Both Democrats and Republicans, along with the mainstream press, treat U.S. campaign-finance laws as sacred and sacrosanct, even superseding the Constitution. They act as if such laws are now a permanent part of America’s governmental system and should never be questioned or challenged.
Actually, U.S. campaign-finance laws are the epitome of inanity. They also violate fundamental principles of liberty.
The Trump impeachment inquiry
The utter inanity of these laws is being perfectly reflected in the Trump impeachment inquiry.
With one exception, it is legal for every American to call on Ukraine (or China or any other foreign regime) to investigate the possibility of official corruption in Ukraine by Joe Biden when he was serving as vice-president of the United States.
Businessmen, lawyers, doctors, plumbers, and janitors can openly call for such an investigation and not be subject to being fined or jailed by the authorities. Newspapers and websites are also free to publish editorials, op-eds, blog posts, and other commentaries calling on Ukraine to investigate Biden.
What’s the one exception?
President Trump and all other presidential opponents, both Republican and Democrat, of Joe Biden! That’s because U.S. campaign-finance laws supposedly require Biden’s presidential opponents to seal their lips and refrain from calling for Ukraine to conduct such an investigation.
Moreover, it doesn’t matter how much evidence there might be that Biden really did engage in official corruption as part of his meddling in Ukrainian affairs when he was vice-president. Under U.S. campaign-finance laws, that’s supposedly irrelevant. All that matters is that once Biden announced that he was running for president, that automatically meant that Trump and everyone else running against Biden for president was then required to immediately stop calling for such an investigation.
Mind you, it was okay for Trump to call for such an investigation when Biden was vice-president and continue to do so all the way up to the point that he announced his candidacy for president. But the minute he did announce his candidacy, Trump and every other person running for president was immediately required to stop calling for such an investigation.
If that isn’t inane, I don’t know what is.
Millionaire candidates and million-dollar donations
But there is even more inanity. Under U.S. campaign-finance laws, candidates for Congress and president are limited to receiving a maximum of $2,800 from individuals. Yet, a millionaire candidate is free to spend whatever amount of money he wishes on his campaign.
Is that inane or what?
Why doesn’t the law limit millionaire candidates to spending only $2,800 of their own money on their campaigns? Apparently the argument is that that would violate their First Amendment rights (even though the criminalization of Trump’s call for an investigation into Biden’s conduct supposedly doesn’t violate the First Amendment).
Okay, I believe millionaires should be free to spend whatever amount of money they want on their campaigns. I would add the rights of private property and economic liberty to the free-speech argument to justify that.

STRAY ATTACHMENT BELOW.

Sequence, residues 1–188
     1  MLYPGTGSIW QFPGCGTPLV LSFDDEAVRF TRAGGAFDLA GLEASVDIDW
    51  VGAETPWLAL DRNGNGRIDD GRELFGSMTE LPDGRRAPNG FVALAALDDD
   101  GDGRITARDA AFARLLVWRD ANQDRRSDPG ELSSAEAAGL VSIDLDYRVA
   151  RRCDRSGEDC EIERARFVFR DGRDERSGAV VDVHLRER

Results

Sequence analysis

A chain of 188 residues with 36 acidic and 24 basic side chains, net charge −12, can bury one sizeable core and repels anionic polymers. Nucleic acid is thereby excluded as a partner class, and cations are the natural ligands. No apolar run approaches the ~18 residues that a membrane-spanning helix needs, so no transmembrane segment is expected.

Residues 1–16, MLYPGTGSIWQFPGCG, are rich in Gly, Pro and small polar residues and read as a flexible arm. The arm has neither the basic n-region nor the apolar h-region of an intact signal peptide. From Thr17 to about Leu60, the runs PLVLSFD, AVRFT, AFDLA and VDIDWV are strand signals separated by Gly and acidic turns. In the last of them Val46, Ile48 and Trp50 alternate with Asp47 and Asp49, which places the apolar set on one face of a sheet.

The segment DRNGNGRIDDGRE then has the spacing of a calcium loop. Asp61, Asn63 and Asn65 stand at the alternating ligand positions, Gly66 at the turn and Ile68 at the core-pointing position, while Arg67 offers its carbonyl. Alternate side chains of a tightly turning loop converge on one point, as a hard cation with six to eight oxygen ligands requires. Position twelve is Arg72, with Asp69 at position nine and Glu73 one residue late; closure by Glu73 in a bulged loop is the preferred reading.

But why shouldn’t millionaires be free to donate whatever they want to candidates whose philosophy and principles mirror their own? What’s the difference between a candidate who spends a million dollars of his own money on his campaign and a candidate who spends a million dollars of someone else’s money that has been voluntarily donated to him?
A protection racket for Democrats and Republicans
Actually, U.S. campaign-finance laws are nothing more than a protection racket for Republicans and Democrats, a racket that protects them from the competition of independent candidates and third-party candidates.
Suppose there is an inner-city African American libertarian who wishes to run for Congress. He plans to make the drug war his signature issue. He has seen it close up. He wants to show people what an evil, immoral, corrupt, failed, destructive, and racially bigoted government program it is. He wants to make repeal of drug laws the centerpiece of his campaign.
Democrats and Republicans, both of whom support drug laws, have a huge base of support that enables them to raise lots of money, even with the $2,000 limit on contributions. Their candidates for Congress are able to raise the one million dollars needed to run their campaigns.
Not so, however, with the African-American libertarian. All his friends are poor. However, there is a millionaire libertarian who is willing to donate one million dollars to his campaign because he wants people to learn about the horrors of the drug war and why it should be ended, not reformed.
But the campaign-finance law says no. That millionaire can only donate $2,800 to the African American, a paltry sum that he has to use to just get on the ballot, given onerous ballot-access petitioning requirements whose real purpose is to suppress competition against the major party candidates.
U.S. campaign-finance laws are an inane and anti-freedom protection racket for Democrats and Republicans. Such laws should be repealed entirely.